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Left to Their Own Devices: The Promise and Dangers of IoT-Connected Medical Devices

Connected medical technology has arrived at the most opportune time. Insurance companies, now required to cover people with preexisting conditions, have needed some way to lower the costs of healthcare to balance the expense associated with higher-risk individuals. Connected devices help address this exact problem. iRhythm, for instance, manufactures a device that monitors cardiac activity and relies on machine learning for analysis. Products like these help providers treat more patients while consuming fewer resources. There are also offerings that help doctors monitor patient condition remotely so both parties can spend less time in expensive hospital rooms. With more patients, the demand for doctors’ time has skyrocketed, putting upward pressure on the prices doctors charge for their services and expertise. Machine learning and connected devices help siphon off some of this excess demand while helping to reducing provider prices. Normally, the medical device industry is risk-averse and cautious about adopting new technologies because of the critical nature of the products themselves and the regulatory hurdles needed to bring these offerings to market. However, many companies have been relatively quick to embrace Internet of Things (IoT) innovations. This is great news. The industry’s dive into IoT means companies believe the value of embracing this technology outweighs the risks. If medical device manufacturers think insurers will pay for their new de...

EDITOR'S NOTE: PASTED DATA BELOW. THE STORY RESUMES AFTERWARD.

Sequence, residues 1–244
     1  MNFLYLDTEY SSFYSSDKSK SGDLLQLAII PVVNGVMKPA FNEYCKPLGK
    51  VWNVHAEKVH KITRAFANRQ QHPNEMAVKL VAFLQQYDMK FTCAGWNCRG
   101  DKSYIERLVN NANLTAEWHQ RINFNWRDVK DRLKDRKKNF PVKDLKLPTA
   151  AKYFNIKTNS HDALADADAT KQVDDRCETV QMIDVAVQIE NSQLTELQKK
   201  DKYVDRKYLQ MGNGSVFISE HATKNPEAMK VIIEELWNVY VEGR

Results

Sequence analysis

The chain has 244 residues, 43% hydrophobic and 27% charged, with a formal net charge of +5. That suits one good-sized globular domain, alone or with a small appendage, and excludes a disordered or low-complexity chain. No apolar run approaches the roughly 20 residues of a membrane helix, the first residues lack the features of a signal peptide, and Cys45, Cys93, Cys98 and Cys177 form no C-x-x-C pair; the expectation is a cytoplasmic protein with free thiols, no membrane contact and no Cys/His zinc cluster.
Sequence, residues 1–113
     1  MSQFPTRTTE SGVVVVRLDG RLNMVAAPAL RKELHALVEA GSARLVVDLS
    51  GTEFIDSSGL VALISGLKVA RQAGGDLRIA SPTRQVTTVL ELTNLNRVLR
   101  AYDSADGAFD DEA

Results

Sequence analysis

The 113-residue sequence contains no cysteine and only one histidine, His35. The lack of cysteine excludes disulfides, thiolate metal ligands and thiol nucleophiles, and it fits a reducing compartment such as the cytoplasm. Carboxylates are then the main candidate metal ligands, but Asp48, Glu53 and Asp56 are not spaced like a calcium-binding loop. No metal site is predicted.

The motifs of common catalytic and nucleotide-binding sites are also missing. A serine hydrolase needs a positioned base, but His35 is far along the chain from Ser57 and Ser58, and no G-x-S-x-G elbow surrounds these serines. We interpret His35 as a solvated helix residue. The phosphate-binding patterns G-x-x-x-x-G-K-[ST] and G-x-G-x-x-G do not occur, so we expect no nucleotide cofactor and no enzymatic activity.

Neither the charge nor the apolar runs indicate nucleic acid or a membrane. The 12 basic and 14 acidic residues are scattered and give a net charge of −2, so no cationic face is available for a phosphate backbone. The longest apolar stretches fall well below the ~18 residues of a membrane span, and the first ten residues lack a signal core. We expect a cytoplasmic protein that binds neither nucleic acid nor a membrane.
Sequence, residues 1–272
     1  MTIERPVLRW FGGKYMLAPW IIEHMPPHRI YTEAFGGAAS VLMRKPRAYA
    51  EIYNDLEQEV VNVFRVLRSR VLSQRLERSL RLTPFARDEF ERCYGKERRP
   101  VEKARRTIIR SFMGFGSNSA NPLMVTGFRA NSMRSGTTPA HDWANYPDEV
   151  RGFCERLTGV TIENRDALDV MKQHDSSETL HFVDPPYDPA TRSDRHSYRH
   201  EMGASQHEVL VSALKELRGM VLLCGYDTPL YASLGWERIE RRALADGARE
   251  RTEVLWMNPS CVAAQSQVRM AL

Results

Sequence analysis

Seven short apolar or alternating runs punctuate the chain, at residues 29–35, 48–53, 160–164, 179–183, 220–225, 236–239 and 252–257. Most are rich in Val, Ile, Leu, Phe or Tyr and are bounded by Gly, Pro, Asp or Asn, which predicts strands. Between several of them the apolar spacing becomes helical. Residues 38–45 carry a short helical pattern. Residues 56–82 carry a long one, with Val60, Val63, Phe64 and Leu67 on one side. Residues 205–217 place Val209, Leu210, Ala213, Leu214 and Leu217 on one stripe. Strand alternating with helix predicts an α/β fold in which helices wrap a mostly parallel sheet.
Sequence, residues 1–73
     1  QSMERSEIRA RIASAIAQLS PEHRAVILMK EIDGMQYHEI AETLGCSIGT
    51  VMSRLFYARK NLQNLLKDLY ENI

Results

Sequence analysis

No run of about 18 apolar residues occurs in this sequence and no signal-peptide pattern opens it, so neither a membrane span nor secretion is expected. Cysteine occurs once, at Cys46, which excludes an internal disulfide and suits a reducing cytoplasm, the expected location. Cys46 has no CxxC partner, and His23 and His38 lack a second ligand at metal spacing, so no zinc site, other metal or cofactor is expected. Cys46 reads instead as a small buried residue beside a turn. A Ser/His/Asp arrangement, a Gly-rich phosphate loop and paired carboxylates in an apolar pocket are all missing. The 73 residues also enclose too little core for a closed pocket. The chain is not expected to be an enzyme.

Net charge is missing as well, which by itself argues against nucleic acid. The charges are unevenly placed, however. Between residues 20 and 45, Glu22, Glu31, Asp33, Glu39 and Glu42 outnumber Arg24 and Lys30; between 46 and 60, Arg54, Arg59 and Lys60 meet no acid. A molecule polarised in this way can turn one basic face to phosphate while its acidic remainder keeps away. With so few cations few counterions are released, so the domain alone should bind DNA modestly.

Source: MDDI - Category: Medical Devices Authors: Tags: Medical Device Business Source Type: news

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Avishek Amar
Source: Frontiers in Pharmacology - Category: Drugs & Pharmacology Source Type: research
A 12-year-old girl with severe epilepsy is spearheading a campaign to legalize medical marijuana ​ across the country
Source: Health News: CBSNews.com - Category: Consumer Health News Source Type: news
A 12-year-old girl is spearheading a campaign to legalize medical marijuana across the whole country. Alexis Bortell said she and her family had no choice but to move from their Texas home to Colorado to treat her severe epilepsy. Now, her family and a handful of others are suing Attorney General Jeff Sessions and the DEA. Barry Petersen reports.
Source: Health News: CBSNews.com - Category: Consumer Health News Source Type: news
Abstract The feature extraction from electroencephalogram (EEG) signals is widely used for computer‐aided epileptic seizure detection. However, multiple channels of EEG signals and their correlations have not been completely harnessed. In this article, a novel automatic seizure detection approach is proposed by analyzing the spatiotemporal correlation of multi‐channel EEG signals. This approach combines the maximum cross‐correlation, robust‐principal component analysis, and least square‐support vector machine to detect the events. Our proposed method delivers higher detection sensitivity, specificity, and accurac...